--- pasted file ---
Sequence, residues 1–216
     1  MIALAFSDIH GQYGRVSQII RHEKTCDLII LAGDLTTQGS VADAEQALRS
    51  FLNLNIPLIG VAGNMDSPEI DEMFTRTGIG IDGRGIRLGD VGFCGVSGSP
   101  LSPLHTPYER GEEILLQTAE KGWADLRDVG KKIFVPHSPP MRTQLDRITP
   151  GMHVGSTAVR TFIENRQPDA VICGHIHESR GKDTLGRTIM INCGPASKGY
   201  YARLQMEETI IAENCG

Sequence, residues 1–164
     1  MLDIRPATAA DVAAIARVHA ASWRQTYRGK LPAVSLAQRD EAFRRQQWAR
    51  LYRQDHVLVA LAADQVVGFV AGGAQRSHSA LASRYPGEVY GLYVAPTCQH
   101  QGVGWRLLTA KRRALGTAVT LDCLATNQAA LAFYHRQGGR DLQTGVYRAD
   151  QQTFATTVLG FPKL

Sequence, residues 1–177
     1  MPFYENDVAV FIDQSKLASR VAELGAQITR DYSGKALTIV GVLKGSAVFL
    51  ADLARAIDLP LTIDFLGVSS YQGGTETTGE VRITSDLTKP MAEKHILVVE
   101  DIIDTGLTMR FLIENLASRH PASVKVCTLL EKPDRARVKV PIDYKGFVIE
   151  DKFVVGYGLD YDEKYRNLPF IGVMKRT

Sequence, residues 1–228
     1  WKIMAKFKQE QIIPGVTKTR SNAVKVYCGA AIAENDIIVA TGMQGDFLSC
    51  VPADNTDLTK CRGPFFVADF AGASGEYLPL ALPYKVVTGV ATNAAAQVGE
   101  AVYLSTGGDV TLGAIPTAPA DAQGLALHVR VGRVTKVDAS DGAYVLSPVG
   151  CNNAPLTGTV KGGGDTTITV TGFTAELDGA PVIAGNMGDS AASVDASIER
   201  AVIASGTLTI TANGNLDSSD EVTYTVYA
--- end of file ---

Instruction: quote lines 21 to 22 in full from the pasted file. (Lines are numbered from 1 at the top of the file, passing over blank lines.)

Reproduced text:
   151  CNNAPLTGTV KGGGDTTITV TGFTAELDGA PVIAGNMGDS AASVDASIER
   201  AVIASGTLTI TANGNLDSSD EVTYTVYA